Developing japonica rice introgression lines with multiple resistance genes for brown planthopper, bacterial blight, rice blast, and rice stripe virus using molecular breeding
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Yield losses as a result of biotic stresses by fungi, bacteria, viruses, and insects are a key challenge in most rice cultivation areas. The development of resistant cultivars is considered an efficient and sustainable approach to mitigate rice yield reduction. In the present study, we describe the development of japonica rice introgression lines with multiple resistance genes (MR lines), resistant to four different types of biotic stresses, and compare the agronomic performance, yield, and grain quality parameters of these lines with those of the recurrent parent. A total of nine MR lines were developed by marker-assisted backcrossing, which combined five single-R genes in a japonica background with a minimum of linkage drag. All the MR lines harbored the R genes Bph18 and qSTV11SG and two Pi genes (Pib + Pik) in common, offering resistance to brown planthopper (BPH), rice stripe virus (RSV), and rice blast disease, respectively. In the case of bacterial blight (BB), Xa40 was detected in only five out of the nine and Xa3 was validated in the others. In particular, the five MR lines pyramiding the R genes (Bph18 + qSTV11SG + Pib + Pik) in combination with Xa40 showed stable resistance to all bioassays for BPH, BB, blast, and RSV. The MR lines did not show any negative effects on the main agronomic traits, including yield production and rice grain quality. The lines have significant potential to stabilize rice yield and minimize production costs in disease and pest-prone areas in Korea, through the pyramiding of five R genes using a marker-assisted backcrossing strategy.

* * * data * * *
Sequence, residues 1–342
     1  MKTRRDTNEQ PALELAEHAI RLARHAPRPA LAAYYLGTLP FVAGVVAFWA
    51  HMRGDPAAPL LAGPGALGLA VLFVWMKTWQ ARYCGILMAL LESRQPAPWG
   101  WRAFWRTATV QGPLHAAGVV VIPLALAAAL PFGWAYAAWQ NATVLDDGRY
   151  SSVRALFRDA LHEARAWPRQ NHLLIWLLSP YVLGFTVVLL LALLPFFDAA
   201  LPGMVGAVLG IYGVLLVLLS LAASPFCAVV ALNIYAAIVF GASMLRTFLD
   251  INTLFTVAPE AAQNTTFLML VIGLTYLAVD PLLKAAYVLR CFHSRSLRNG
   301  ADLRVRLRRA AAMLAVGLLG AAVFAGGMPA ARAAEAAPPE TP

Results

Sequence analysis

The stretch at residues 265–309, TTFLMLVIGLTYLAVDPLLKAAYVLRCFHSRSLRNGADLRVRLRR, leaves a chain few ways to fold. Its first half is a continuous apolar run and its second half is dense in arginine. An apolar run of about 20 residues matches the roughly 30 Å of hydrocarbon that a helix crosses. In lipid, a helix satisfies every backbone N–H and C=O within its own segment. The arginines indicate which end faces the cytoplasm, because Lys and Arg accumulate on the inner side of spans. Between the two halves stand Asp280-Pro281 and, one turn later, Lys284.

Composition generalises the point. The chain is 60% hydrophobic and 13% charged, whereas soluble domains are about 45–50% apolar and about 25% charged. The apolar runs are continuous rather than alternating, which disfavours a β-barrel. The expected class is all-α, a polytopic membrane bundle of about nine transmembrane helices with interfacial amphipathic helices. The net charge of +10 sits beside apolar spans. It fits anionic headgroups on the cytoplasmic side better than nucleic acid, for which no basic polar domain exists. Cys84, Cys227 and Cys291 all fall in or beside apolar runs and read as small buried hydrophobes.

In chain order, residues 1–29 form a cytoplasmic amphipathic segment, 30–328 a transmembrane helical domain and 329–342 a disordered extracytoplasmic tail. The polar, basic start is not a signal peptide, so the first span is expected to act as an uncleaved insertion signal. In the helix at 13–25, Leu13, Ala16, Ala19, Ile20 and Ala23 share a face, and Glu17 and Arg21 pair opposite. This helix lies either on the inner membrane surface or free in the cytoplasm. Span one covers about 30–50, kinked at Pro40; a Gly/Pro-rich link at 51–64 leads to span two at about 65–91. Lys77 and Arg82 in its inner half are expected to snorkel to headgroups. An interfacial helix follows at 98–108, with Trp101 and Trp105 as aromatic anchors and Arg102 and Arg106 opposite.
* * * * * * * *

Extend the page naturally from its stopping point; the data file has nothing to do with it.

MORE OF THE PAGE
KeywordsMultiple resistance genes Biotic stress Gene pyramiding Japonica rice Marker-assisted selection
Alkali digestion value
Disease bacterial blight
Days to heading
Grain weight (GW)
Number of filled grains per panicle
Number of panicles
Rice grassy stunt virus
Rice ragged stunt virus
Rice stripe virus
Seed set rate
Xanthomonas oryzae pv. oryzae
This research was based on germplasm developed by Dr. K.K. Jena and was supported in part by a grant to the Agenda Program (Code No. PJ00926202), the Temperate Rice Research Consortium (TRRC) of the Rural Development Administration, Republic of Korea, and the Global Rice Science Partnership (GRiSP) program of IRRI. We thank the IRRI communication team for carefully editing the manuscript.
Compliance with ethical standards
Conflict of interest
The authors declare that there are no conflicts of interest.
This article does not contain any studies with human participants or animals performed by any of the authors.
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